Dimensions CM 14 Reveals Change Visualization and Peer Reviews (part 1 of 2)

Two of the most highly anticipated areas of new development for Dimensions CM 14 are change visualization and peer reviews. Taken as individual new capability areas, these features represent a massive stride forward for our flagship SCCM solution.  And when combined together, they will redefine the way Dimensions CM users think about parallel development and agile practices. In this two-part blog, we’ll talk about Change Visualization first and then follow up with a look at Peer Reviews.

Traditionally, Serena has excelled at providing control and insight into the development process for stakeholders, such as release managers, business analysts, auditors and quality assurance managers. With Dimensions CM 14, we wanted to bring similar value to every member of the development team.

An advanced implementation of changesets gives developers much greater visibility into changes and allows almost instant creation of projects, streams and baselines. Changesets give developers the freedom to manage and merge changes safely. They also provide release managers with the control and visibility they require to create stable releases.

Developers often need to know what changed where and why in order to diagnose a problem or discover why some functionality is broken or has changed.  The Changeset View does just that.  It not only shows which team members are delivering changes to which features and branches of code but it also gives further insight into the “health” of those changes (did they build and pass their unit tests, who performed the peer review of the change, did it pass peer review and what was checked during the review etc.)

We wanted to add features that would make a developer’s daily life easier, rather than traditional change and configuration management features which are often viewed as “getting in the way” of the developer’s work.

Dimensions CM 14 Graph ViewDimensions CM 14 introduces an innovative graphical view of change history and streams across multiple releases. This gives developers and release managers a visual understanding of what changes are being worked on, where, and why. Tight coupling with continuous integration tools, such as Jenkins, provides feedback on the health of changes and real time indication of release readiness based on build and test status. These results are linked to the changesets in CM and enable you to make decisions based on the quality of the builds. Now you can monitor all your streams of development and changesets at a glance. Without switching tools you can easily review the health of your changes ahead of further development or release activities.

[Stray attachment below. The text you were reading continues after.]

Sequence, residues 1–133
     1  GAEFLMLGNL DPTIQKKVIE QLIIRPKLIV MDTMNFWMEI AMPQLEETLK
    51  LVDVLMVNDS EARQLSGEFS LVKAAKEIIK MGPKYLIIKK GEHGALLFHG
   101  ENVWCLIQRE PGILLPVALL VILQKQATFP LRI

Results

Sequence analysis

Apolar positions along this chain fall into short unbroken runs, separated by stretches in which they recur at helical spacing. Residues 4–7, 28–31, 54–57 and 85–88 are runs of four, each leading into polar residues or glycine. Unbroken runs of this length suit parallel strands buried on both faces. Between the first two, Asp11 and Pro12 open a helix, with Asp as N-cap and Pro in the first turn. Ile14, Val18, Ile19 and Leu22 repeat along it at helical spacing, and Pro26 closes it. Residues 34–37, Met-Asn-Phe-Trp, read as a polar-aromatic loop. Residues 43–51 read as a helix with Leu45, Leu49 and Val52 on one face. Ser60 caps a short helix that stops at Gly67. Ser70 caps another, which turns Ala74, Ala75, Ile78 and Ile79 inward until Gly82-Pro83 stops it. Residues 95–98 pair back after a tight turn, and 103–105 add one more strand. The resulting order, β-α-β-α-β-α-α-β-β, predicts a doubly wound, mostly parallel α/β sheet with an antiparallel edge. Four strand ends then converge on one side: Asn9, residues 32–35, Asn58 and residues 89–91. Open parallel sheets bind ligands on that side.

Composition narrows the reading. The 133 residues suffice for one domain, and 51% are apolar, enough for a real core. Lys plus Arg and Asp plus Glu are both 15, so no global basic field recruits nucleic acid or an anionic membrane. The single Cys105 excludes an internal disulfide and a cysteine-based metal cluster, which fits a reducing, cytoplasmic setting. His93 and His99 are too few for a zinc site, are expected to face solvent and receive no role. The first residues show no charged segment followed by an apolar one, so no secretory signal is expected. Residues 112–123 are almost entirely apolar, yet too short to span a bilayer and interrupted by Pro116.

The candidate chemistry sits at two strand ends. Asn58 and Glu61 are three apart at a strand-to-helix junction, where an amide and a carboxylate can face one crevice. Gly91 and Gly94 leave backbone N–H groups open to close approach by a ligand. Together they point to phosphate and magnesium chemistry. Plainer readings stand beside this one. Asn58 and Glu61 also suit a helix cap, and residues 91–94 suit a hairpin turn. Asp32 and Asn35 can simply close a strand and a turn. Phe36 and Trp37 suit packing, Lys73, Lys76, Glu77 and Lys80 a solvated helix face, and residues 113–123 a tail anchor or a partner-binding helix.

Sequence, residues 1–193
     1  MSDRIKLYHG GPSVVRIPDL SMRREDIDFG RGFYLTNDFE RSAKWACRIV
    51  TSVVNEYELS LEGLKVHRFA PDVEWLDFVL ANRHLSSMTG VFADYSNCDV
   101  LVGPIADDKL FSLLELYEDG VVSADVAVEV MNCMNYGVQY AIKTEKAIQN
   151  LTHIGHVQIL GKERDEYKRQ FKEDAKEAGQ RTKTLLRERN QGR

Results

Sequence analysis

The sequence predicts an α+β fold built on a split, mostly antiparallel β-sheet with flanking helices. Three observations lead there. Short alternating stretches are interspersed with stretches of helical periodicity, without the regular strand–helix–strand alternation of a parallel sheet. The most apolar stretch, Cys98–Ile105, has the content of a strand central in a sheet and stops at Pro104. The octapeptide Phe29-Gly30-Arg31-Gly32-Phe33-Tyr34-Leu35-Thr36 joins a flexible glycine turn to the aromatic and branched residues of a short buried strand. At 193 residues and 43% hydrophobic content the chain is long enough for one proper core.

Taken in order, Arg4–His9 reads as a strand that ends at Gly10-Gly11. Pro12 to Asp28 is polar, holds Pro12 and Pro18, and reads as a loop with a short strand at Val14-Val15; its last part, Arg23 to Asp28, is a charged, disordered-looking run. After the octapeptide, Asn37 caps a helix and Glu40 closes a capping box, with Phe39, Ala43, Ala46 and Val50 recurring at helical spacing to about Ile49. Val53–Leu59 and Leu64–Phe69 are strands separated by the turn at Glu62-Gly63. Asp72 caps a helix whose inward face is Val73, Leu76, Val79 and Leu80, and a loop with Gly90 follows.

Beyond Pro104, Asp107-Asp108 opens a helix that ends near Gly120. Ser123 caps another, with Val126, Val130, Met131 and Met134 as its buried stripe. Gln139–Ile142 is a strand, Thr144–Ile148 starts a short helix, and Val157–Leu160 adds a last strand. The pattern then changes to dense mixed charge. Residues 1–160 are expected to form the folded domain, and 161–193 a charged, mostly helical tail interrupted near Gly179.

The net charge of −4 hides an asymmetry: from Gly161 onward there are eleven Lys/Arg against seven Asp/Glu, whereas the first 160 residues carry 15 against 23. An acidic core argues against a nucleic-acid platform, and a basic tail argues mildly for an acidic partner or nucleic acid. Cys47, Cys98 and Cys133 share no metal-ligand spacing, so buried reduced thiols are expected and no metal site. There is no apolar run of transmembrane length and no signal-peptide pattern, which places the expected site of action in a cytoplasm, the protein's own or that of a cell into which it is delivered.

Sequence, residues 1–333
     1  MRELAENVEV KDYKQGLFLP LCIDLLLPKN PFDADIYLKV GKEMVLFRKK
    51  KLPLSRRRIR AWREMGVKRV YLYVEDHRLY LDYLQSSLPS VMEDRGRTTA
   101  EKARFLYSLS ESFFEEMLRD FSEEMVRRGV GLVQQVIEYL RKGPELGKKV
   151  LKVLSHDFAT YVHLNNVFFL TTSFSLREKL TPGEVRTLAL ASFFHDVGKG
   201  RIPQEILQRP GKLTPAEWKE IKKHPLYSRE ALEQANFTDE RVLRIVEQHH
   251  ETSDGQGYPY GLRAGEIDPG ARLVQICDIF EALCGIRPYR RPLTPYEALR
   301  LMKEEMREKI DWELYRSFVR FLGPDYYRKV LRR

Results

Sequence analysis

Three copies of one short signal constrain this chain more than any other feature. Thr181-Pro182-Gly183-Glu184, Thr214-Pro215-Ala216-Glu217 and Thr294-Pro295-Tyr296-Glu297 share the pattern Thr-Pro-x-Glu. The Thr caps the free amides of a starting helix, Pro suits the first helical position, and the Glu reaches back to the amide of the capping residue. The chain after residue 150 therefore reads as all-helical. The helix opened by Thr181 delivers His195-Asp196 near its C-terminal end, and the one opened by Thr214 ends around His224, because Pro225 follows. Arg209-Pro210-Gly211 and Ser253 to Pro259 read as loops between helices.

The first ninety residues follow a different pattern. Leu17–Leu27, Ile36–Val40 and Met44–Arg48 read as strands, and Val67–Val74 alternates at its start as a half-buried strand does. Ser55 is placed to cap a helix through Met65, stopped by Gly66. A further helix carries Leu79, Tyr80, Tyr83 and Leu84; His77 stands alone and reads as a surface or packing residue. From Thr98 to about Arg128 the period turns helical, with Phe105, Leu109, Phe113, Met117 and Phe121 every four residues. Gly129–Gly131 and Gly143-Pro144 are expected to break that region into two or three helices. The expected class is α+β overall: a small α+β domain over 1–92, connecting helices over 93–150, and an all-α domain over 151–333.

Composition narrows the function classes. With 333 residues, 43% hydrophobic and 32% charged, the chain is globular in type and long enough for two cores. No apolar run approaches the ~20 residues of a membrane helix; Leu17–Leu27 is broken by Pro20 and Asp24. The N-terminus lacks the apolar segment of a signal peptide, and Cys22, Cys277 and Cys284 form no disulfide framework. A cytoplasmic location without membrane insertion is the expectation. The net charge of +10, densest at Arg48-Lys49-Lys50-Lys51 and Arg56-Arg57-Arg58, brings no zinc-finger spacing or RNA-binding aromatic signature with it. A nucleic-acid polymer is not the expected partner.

The implementation of changesets, together with Change Visualization, significantly improves development team performance, considerably simplifies the management of  stream-based development, and provides actionable insight into the health of each development or release stream.

Look out for more from Serena in this area – the Changeset Graph is just the first step! We will be adding further information about changes, their dependencies and their health/release readiness.  Another area we’re investigating is improving the process and visibility of branching by making it easier to start a new branch of development, eg. provisioning the required tools and environment. Even further out, we’d like to explore opportunities to simplify and automate the merging of branches.

Stay tuned for part two of this blog series where we’ll take a look at the upcoming Peer Review capabilities in Dimensions CM 14. If you are an existing Dimensions CM user, we invite you to join the Serena Dimensions CM 14 Preview Program. After registering your application to join this program, Serena will invite you to our various preview webinars and sneak peeks as we work our way towards final release in April 2014. Register your interest in the program!


Corné Human is Serena Software’s Product Officer for Application Lifecycle Management (ALM) Products.



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[...] to part two of our blog series on change visualization and Peer Reviews (Click here to read part one). We’ll look at how peer reviews will help developers gain confidence in the release [...]

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